In a decision handed down on 5 December 2016, the Hong Kong Court of Appeal has denied an appeal by First Media, a member of the Lippo Group from Indonesia, against an order which permitted Malaysia’s Astro Group to enforce sizeable SIAC awards obtained in 2009 and 2010 against its assets in the jurisdiction.

The Astro v Lippo case has provided a fascinating narrative for clients and arbitration practitioners in recent years particularly with the Courts of rival jurisdictions – Singapore and Hong Kong – until now approaching an important issue arising out of the timing of Lippo’s jurisdictional challenge from different perspectives. The approaches of the Hong Kong and Singapore courts have now been aligned following the latest decision.

Background

The original arbitration which commenced in 2008 pitted two of Asia’s media giants against each other in arbitration in Singapore stemming from a satellite television and multimedia joint venture involving First Media, a broadband company, and several other subsidiaries of the Lippo Group and a number of Astro entities. The Tribunal dismissed a jurisdictional challenge and permitted three Astro companies to participate in the arbitration despite not being party to the arbitration agreement. In 2009 and 2010 the Tribunal made a series of awards worth some US $130m in favour of Astro (including the 3 “non-party” companies) but it was only after the merits phase had concluded that matters became interesting.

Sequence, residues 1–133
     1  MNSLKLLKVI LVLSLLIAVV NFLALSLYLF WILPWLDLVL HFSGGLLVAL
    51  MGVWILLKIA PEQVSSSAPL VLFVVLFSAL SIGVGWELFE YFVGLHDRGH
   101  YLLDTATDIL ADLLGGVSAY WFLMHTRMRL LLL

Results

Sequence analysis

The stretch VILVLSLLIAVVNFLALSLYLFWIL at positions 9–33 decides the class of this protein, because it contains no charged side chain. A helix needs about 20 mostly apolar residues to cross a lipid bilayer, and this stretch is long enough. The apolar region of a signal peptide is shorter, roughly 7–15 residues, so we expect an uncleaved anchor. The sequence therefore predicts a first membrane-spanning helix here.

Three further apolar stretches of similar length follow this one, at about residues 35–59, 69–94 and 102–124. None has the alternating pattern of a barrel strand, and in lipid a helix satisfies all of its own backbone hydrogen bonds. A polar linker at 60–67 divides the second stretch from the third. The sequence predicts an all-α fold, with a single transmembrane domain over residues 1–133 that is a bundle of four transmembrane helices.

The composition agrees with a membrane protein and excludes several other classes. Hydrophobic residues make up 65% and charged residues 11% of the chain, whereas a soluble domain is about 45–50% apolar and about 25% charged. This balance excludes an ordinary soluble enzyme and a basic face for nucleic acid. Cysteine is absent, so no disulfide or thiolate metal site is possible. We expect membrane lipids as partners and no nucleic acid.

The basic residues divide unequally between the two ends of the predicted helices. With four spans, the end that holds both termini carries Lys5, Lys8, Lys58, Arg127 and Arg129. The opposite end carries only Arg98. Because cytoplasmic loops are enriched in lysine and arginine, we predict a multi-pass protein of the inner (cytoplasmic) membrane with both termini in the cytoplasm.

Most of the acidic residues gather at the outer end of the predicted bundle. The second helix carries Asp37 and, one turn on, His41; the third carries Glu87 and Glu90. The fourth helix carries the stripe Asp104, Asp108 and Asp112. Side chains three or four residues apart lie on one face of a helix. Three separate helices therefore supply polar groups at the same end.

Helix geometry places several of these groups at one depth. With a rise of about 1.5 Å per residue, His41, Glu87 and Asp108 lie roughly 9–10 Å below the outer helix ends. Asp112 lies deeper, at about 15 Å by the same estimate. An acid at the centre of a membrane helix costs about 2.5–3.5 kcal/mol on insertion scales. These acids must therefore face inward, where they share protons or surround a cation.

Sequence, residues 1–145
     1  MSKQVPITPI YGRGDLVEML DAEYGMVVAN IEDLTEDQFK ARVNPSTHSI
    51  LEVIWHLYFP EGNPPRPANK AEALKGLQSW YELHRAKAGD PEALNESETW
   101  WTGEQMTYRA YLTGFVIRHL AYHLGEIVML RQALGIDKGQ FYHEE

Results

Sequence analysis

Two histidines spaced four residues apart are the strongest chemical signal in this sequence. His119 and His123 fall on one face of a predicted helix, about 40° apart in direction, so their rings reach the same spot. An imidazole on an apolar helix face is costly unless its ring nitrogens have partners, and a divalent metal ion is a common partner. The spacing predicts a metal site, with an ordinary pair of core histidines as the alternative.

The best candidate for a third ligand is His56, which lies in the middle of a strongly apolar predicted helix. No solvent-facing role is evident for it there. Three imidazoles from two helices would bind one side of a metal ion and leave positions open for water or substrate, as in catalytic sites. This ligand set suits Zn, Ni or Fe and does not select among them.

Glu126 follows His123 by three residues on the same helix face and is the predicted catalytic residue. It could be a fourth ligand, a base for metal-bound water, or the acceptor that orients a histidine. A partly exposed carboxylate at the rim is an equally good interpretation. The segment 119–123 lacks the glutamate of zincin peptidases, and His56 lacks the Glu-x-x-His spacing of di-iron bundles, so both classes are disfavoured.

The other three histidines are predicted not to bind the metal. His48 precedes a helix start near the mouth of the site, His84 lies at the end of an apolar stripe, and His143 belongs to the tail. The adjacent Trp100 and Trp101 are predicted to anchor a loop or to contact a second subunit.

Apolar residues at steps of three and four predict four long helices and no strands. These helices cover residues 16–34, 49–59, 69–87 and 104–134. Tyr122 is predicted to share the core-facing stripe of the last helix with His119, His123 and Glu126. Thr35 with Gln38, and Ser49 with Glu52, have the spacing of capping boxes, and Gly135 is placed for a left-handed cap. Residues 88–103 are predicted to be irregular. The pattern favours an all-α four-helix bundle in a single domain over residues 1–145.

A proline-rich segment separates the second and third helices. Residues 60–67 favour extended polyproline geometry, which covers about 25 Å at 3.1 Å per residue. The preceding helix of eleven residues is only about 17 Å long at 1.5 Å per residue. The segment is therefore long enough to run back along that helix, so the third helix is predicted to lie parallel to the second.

Jurisdiction challenge in Singapore

During the arbitration, Lippo chose not to challenge the Tribunal’s decision that it had jurisdiction by way of an application pursuant to Article 16(3) of the UNCITRAL Model Law to the court of the seat (Singapore). Instead Lippo waited until the Astro entities took steps to enforce the awards and raised its challenge at that stage.

Lippo did not seek to set aside the award in Singapore on the basis that the Tribunal did not have jurisdiction to hear the dispute in respect of the additional Astro entities but did raise these arguments when resisting Astro’s application to the Singapore court to enforce the award against assets in Singapore. In October 2013, the Singapore Court of Appeal held that the awards were not enforceable in Singapore by the Astro entities which were not party to the arbitration agreement as the Tribunal did not have jurisdiction to determine disputes involving those parties. It did however permit enforcement of a smaller sum – US $700,000 - awarded to signatories to the arbitration agreement. Importantly the court confirmed that a party has a “choice of remedies” when seeking to challenge jurisdiction by determining that a party can seek relief either on an “active” basis (whereby the applicant brings its challenge at the earliest possible opportunity by way of set aside proceedings as the arbitration is ongoing) or on a “passive” basis (whereby the arbitration is completed and the applicant seeks redress by challenging the award at the enforcement stage).

Hong Kong Court of Appeal decision